Everything You Need to know About The NYDA’s Grants

Everything you need to know about the NYDA's grants
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Everything you need to know about the NYDA's grantsThe National Youth Development Agency (NYDA) last year changed its youth enterprise funding model from a fixed interest loan structure to that of a micro-finance grant provision system.

The agency partnered with the Industrial Development Corporation (IDC) and the Small Enterprise Finance Agency to provide funding and support to youth-owned businesses for a five-year period.

The R2.7 million grants programme offers qualifying businesses both financial and non-financial support to youth entrepreneurs (between ages 18 and 35), which unlike a loan does not have to be paid back.

We unpack what is this NYDA grant programme and how you can benefit from it.

What is NYDA grant programme?

The grant programme aims to benefit a total of 500 South African youth owned enterprises with financing and give thousands of more access to non-financial business support services.

Financial support starts from R1000 and goes up to R100 000.The financial assistance from the grant can be used for working capital, financing the assets and purchasing stock. By June this year, over R200-million had been disbursed to businesses owned by young people.

How does it work?

The grants programme is made up of two categories, financial and non-financial business support services under which entrepreneurs have to be committed for two years.

Under non-financial business support services, entrepreneurs will benefit with programmes ranging from mentorship,  market linkages, voucher programmes, entrepreneurship and youth cooperative development programmes, and also other necessary business support systems.

Young people interested in accessing the grant programme will have to commit to participate in the NYDA mentorship and voucher programme for a minimum of 2 years.

“The focus of the programme is youth entrepreneurs who show potential but are still in need of financial assistance and support”

The grants programme has also reduced the lead time for any businesses to receive a response (whether favourable or not) to 21 days.

Levels of grants

There are three levels of grants, each focusing on different types of youth enterprises including:

1. Formal and informal businesses grants are issued to individuals who are at the promising and start-up phase of their development or development stage.

2. Individuals benefit from the grant programme when they come together and form co-operatives with a minimum of 5 persons, to meet their common economic and social needs.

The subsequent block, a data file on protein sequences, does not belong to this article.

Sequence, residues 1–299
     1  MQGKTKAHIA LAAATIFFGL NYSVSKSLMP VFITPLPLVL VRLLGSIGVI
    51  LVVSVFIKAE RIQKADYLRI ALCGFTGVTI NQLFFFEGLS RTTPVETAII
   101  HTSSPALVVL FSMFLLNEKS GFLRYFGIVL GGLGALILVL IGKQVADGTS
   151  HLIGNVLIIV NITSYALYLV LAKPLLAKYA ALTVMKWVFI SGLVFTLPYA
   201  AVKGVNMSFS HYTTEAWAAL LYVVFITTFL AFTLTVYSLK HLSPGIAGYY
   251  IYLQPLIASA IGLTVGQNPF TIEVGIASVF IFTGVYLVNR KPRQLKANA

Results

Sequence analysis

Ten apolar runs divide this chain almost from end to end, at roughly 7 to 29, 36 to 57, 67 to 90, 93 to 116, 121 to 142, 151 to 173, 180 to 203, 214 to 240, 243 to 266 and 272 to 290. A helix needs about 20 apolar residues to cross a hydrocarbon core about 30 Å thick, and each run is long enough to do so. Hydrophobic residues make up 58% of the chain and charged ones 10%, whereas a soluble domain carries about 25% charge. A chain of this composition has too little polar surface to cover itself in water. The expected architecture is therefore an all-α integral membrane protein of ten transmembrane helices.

3. The grants programme facilitates a process of community development through identifying projects that are funded through NYDA funds and/or funds sourced from partners.

Who qualifies?

The focus of the programme is youth entrepreneurs who show potential but are still in need of financial assistance and support. The applicants must have necessary skills and experience or a potential skill appropriate for the enterprise that they conduct or intend to conduct.

“The business must have a profit motive, be commercially viable and sustainable”

The types of businesses assisted through the grant programme are mainly: artisan skilled entrepreneurs.These include, but are not limited to, motormechanics and panel beaters, electricians, plumbers, domestic appliance repair services, beauticians, hair dressers, cleaning companies, small scale recycling companies, street vendors, car washes and others.

Qualifying criteria

Entrepreneurs must be involved in the day-to-day operation and management of the business. Businesses must operate either informally or formally – that is generally recognised as micro enterprises, for example street traders, vendors, emerging enterprises. The business must have a profit motive, be commercially viable and sustainable.

There are three thresholds by which businesses are measured. These are a survivalist business, start-up and growth business.

For a survivalist business, a grant of R1,000 – R10,000 is given. Start-ups receive between R10 001 and R50 000. And for the growth of business a grant of R50 001 to R100 000 is dispatched.

Who is excluded?

There are business activities which the NYDA grant programme, for moral reasons, does not support. These include tobacco, gambling  and alcohol as a primary income generator, and pyramid sales schemes.

There are terms and conditions that must be met, including a due diligence, before the grant is approved.

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